Which is Johnny-Five when I talked about all the code that we wrote works across a lot of different boards, including ones that are no longer even made. Johnny-Five is the kind of abstraction layer over that. So it gives you the ability to write a lot of these things, and then like, okay, I'm not gonna use an Arduino board, I'm gonna use an old Tehsil 2 that I have around, you just swap out.

Just say, hey, I'm gonna use the Tehsil 2, and Johnny-Five is like, cool, I know what to do here, don't worry about it, everything's gonna be okay. So it gives you a lot of just very convenient easy ways to interact with your boards on top of the other two libraries that we saw earlier.

Like I said BeagleBones, Raspberry Pi's, there's even various different you can actually hook an Arduino up to these like various different shields. So a lot of this stuff will apply to any other platforms that you may choose to use. We won't use this one today, but I think it's really cool.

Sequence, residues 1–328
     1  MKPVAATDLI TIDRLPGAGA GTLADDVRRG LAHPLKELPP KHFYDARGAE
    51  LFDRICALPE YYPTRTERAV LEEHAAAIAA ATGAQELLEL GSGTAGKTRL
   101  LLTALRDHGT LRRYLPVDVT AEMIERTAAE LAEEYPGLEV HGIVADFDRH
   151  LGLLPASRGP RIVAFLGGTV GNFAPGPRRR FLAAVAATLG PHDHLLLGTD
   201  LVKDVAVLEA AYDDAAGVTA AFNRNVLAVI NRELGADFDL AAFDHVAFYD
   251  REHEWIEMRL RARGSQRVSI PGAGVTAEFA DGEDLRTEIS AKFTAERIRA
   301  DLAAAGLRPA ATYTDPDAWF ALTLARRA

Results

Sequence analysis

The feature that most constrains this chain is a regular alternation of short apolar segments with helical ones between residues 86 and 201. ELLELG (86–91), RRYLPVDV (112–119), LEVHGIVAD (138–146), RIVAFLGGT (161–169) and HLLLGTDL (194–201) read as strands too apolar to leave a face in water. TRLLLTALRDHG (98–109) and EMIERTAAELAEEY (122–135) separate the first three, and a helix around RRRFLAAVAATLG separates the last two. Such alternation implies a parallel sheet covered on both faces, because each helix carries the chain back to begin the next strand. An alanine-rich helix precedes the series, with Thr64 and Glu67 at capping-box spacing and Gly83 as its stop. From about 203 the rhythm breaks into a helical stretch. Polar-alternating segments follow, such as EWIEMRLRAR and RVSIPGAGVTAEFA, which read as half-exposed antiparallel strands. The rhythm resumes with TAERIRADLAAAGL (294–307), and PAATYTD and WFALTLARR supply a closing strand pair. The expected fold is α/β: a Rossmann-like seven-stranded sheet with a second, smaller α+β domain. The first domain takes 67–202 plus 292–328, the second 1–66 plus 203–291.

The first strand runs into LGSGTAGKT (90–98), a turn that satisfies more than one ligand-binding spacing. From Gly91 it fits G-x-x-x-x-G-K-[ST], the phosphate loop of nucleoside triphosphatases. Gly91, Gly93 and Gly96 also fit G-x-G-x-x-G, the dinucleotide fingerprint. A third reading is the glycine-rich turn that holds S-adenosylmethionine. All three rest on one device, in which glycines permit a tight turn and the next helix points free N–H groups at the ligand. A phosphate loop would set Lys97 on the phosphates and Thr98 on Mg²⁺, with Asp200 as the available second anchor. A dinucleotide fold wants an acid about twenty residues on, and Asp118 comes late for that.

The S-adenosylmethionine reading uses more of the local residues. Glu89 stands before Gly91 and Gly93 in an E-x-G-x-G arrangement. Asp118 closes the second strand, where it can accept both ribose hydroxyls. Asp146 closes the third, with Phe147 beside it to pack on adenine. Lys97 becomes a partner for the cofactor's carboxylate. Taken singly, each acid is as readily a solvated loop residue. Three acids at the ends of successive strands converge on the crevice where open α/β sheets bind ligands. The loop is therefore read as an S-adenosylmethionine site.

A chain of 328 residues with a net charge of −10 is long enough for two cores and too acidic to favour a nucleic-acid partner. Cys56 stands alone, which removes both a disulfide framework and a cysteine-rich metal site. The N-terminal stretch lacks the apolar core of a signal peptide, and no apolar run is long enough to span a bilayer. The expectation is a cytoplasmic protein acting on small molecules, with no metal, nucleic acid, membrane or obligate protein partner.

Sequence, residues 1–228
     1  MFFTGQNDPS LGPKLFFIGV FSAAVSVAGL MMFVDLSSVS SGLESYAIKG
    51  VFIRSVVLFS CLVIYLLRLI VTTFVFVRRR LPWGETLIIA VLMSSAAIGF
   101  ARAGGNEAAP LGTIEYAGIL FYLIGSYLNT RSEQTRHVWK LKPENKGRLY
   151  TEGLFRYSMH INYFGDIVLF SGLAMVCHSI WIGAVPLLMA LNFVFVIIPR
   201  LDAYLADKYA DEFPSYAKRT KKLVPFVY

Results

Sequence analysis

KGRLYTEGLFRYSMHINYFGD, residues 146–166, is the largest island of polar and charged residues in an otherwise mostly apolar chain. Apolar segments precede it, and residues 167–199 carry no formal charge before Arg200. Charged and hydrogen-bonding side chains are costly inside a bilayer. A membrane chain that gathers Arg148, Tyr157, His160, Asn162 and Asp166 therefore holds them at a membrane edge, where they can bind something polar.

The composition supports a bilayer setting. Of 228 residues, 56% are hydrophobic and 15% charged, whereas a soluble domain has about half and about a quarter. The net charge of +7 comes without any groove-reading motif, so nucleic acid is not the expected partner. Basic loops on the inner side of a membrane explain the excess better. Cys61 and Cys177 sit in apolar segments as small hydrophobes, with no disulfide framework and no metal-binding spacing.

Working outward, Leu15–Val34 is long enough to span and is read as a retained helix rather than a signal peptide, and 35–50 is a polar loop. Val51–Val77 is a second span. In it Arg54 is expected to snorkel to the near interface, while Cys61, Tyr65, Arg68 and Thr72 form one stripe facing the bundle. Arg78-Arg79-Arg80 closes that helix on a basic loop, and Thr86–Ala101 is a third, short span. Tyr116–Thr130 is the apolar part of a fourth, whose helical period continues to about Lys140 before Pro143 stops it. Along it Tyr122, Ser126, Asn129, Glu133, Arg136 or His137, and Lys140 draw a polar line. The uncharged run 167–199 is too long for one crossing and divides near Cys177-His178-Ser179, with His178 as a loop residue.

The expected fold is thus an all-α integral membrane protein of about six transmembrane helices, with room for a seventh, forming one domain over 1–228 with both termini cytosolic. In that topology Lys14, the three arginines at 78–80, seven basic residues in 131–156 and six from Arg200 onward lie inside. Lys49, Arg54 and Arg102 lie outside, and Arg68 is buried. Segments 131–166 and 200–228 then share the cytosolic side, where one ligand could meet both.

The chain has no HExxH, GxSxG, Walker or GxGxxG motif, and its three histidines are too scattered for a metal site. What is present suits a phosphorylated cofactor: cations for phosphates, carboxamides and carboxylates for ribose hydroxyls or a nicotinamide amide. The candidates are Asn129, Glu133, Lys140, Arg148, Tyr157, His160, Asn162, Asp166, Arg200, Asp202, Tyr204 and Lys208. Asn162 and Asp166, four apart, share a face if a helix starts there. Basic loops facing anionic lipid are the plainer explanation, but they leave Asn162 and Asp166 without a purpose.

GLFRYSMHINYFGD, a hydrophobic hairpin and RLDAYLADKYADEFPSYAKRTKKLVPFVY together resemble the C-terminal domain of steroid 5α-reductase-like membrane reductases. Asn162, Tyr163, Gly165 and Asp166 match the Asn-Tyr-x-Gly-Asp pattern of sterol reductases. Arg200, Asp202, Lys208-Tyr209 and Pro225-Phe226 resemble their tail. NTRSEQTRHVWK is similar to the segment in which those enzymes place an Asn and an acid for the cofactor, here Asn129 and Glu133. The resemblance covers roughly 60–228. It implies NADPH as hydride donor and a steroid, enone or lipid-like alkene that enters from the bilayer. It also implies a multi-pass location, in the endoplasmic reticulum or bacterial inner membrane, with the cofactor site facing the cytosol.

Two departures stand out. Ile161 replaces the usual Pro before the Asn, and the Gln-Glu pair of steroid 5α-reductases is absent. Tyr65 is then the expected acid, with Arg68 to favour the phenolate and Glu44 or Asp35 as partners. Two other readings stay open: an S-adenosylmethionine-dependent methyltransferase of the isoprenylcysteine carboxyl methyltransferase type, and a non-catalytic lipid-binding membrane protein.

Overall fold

My friend, Suze, made this library called AVRGirl, which is just a library that you can take Arduino sketches and load them onto devices with Node as well. At this point, we're just gonna hit the Upload button in Arduino cuz it's very easy for us, and we're only gonna need to do this once or twice, but it is a super cool library.

It's also got experimental support for what we'll see towards the end just as a little taste, which is just looking at the web serial API. Like I said before, it lets you control some of the stuff from the browser. But basically it allows you to kind of just load sketches on and have all that at your disposal.

And like I said, the web serial API, I wouldn't build production apps on top of it, right? Cuz can I use support isn't great, but I think it's still an experimental API for the most part, but it does let you send serial messages and do a lot of this stuff without Node, right?

So more like JavaScript bots cuz you can literally open up Chrome, connect to, in this case an Arduino, but also other stuff. I have a guitar pedal that's registered with my computer for serial messages over Bluetooth, and it showed up on the list of things that I could theoretically talk to from my web browser.

And so being able to do all that from the browser is also incredibly cool, as you can see, incredibly experimental, but very cool at the same time.